@sophiakhan4 notes that using authentic texts is desirable but could be difficult for newer, less experienced teachers. Students could also be reluctant to accept a different way learning grammar but @ElkySmith points out that students are willing to try new approaches from a teacher they respect.
@sophiakhan4 asked about the ‘invisible non-tense grammar,’ that ST mentioned. It was pointed out that this is tricky to teach especially in a short intense course but the members of this group seem to have tricks to addresses such points.
@SophiaKhan4 went back to ST’s workshop: ‘ST proposes lang learning is really about FEEDBACK (not T presentation). Sts need massive exposure + problematisation + use/feedback’
This prompted many ideas about what teachers do in their classroom along these lines, based on the language needs of the students and class.
How can we integrate these feedback/problematisation aspects into our teaching?
@cioccas says most of her grammar lesson this semester are based on her students’ errors.
@MeredithMacAul1 also uses a lot of error correction and workshopping of student writing to correct errors but also to identify what grammar students ‘need.’
@sophiakhan4 reiterated Scott’s point that we need to focus more on feedback, awareness-raising, and restructuring of sts’ ‘internal grammar’.
Ideas for feedback, restructuring and awareness-raising raised in the chat included:
- Mini-grammar lessons based on what students need
- Grammar auction
- Text mining activities-making students aware of ‘small’ grammar and setting discovery tasks based on texts in class, e.g., Give a list of words in text and sts find surrounding word patterns. Sts match to meaning.
- Make a cloze with a text students previously read
- Sts make their own word ‘webs’ with corpora/collocation dictionary with words from the text & teach other sts @lukeealexander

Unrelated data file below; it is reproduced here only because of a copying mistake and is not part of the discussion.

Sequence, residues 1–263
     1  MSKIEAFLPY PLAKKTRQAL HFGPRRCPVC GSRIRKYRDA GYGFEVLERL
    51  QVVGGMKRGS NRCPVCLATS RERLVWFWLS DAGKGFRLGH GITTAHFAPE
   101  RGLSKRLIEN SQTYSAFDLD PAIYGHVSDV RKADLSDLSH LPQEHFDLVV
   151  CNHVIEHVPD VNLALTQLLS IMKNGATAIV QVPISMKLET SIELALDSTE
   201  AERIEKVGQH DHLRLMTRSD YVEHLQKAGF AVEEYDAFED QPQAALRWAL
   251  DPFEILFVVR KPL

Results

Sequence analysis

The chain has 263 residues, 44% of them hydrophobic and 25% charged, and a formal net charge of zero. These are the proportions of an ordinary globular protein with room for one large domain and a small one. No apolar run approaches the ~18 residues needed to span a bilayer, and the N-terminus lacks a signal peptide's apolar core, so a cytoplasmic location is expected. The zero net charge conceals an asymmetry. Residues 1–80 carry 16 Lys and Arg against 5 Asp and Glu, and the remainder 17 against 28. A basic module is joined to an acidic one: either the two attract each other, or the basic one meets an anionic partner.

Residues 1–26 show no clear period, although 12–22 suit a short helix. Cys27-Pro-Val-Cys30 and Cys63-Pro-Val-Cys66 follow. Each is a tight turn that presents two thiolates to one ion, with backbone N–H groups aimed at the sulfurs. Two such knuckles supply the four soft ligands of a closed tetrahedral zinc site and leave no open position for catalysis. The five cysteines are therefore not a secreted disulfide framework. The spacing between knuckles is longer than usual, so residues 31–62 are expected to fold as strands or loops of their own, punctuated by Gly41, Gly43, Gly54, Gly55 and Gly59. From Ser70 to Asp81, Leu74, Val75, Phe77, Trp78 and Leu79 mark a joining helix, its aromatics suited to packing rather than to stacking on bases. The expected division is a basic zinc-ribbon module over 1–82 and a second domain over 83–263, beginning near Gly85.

- Ask students to highlight ‘grammar’ in peers’ writing-eg. pres simp, passive, complex sentence-Is it used correctly? @ MeredithMacAul1
- Dictogloss or grammar dictation – good for providing feedback to groups or whole class, identify grammar which requires revision @cioccas
- ST suggested learning thru song/putting common expressions to song=exposure/awareness-raising
- ‘Grass skirt’ with error correction@MeredithMacAul1
- ‘Error correction maze – sts turn left or right depending on whether they think a sentence is right or wrong. You can only get out if you identify the right sentences as right/wrong’ @SophiaKhan4
In summary, among the teachers in this chat, the best approach is an individualised one and one in which ‘emergent grammar,’ often takes precedence over what is planned. It is acknowledged that perhaps this comes with experience and would be difficult for newer teachers to carry out.
I’ll leave you with two quotes:
@cioccas ‘Most of what we’ve been chatting about comes down to working with whatever comes up with class – works for written & spoken.’
‘YES with what the students want/need to do with English and coming at it from that end, not our end.’@SophiaKhan4
In the last few minutes, two books were mentioned for follow-up. See references.
Teaching Unplugged by Scott Thornbury and Luke Meddings available on e-book via http://www.amazon.co.uk/Teaching-Unplugged-Luke-Meddings/dp/1905085192, recommended by @ElkySmith
The English Verb: An exploration of Structure and Meaning by Michael Lewis: http://www.amazon.com/The-English-Verb-Exploration-Structure/dp/090671740X, recommended by@SophiaKhan4 and @kathywa29798411
Movie Segments to Assess Grammar Goals: http://moviesegmentstoassessgrammargoals.blogspot.com.au/ recommended by @cioccas
Slides from Scott Thornbury’s Workshop at the English Australia Conference http://www.englishaustralia.com.au/visageimages/about_us/conference/2013_Conference/2013_Thornbury_PCW.pdf
Thanks everyone for an enjoyable chat!
This summary was written by Meredith MacAulay @MeredithMacAul1